The Goal Is Your Definition of Freedom

The original question isn’t the point; instead, it is tough for us to think freely about what we want from life or what we do. So much of our lives revolve around being told what to do and how to think. Because of this, we try to squeeze all our potential into narrow bands of previously defined possibilities.

This isn’t about what would you do if you never had to work; instead, it is about figuring out what we want for ourselves.

The lesson here is that we don’t need to stick to what we have been told to want; instead, we have a choice, and we can live differently.

The other day, it was pouring rain outside, so I had no other choice but to go for a walk on the Path. For those who don’t know, The Path is an underground pathway and shopping centre in Toronto. 

I wouldn’t say I like going down there unless I have to cause it feels like a sad unnatural place. But at the same time, it is a popular place for office works to get a break from their work. To me, the Path isn’t where I’d want to go, but it is a popular place for many of the workers in the area.

What feels right is taking a walking at a park where I am free to think. Whereas for most people, taking a walk on the Path and grabbing a coffee is enough.

Everyone has a different definition of what they want from life, so don’t let yourself get caught up in typical expectations.

So if you want something different, you need to be willing to step outside what most people do. 

Your Choices Matter

What matters most is adding the things you choose to your life, rather than living only within the requirements of existence. Writing is satisfying and gives me the fulfilment that I can’t find in my day job.

For you, it might mean something different, but the key is that you must make a choice and do what you decide to do. In general, we need to take some time to think and reflect on what we want from our lives.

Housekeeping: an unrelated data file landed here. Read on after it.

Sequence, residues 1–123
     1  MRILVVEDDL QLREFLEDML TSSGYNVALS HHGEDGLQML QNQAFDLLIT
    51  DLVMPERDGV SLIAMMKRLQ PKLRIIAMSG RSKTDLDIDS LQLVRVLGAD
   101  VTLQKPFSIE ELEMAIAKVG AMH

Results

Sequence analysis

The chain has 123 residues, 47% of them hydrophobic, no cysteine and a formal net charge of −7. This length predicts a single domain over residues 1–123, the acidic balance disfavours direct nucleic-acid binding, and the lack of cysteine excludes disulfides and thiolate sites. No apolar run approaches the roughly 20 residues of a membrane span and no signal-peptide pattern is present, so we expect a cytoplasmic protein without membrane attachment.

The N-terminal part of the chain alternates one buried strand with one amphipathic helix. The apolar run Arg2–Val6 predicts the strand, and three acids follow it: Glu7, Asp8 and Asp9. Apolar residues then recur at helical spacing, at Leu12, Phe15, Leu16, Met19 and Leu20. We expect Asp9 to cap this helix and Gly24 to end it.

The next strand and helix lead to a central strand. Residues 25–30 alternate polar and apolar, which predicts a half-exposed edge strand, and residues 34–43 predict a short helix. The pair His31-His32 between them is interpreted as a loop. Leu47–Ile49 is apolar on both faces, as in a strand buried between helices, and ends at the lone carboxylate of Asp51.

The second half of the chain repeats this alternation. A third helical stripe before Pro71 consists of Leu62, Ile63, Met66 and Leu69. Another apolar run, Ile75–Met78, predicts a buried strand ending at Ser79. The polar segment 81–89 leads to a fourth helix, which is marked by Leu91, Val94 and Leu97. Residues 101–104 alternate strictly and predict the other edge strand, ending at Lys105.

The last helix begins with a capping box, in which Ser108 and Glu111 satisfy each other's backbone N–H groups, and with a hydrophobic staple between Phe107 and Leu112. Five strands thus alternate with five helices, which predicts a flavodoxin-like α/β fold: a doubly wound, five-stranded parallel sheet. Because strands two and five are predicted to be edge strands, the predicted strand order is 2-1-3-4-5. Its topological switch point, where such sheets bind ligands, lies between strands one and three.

It is easy to sit on the sidelines and think, “I want a good job, and house, a pension…” But then ask yourself, is that all you want? Or is that what you think you are supposed to want? By no means am I saying those are bad things to want; security, a place to live and food to eat is of supreme importance.

If we focus too narrowly on the things we are supposed to want, we limit ourselves in discovering what we truly want.

The idea is that by asking, what would you do if you never had to work, you open yourself up to options outside of work.

I’m not suggesting you quit your job or drop out of school; instead, figure out what matters and focus on it. When you have a sense of purpose and passion, you can work towards living and more meaningful life.

Life is all about find your passions and working towards them.

It is essential to think carefully about what matters so that we can ensure we don’t get sucked into others’ expectations.

What do you want?

bucket list

The most important thing to do is to figure out what you want from life. That said, if you are anything like my coworker, it is going to take some effort, as you likely have no idea. But once you put in some effort, you will have some ideas, which will open up possibilities. 

Before you get too worried about the limits on your life, remember that you have a choice.

This is especially true when it comes to deciding what you want. 

The real question becomes, what do you want from life? Do you want to live a meaningful life? Do you want a life that fulfils your passions? Do you want to live with purpose? Or do you just want a job and to forget about everything else?

Regardless of your answers to those questions, you first must realize that you need to choose to live your life your way.

After that, what you do is up to you. The key is that until you decide where you want to go, there is no way of getting there, so you must choose where you want to go.

So my question for you is, what would you do if you didn’t have to work? And if you haven’t thought about this question, why not?

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Robert Carr

Over the years, I've learnt to see things in a different light. This website is my place to share those insights and give my unique perspective on living a meaningful life.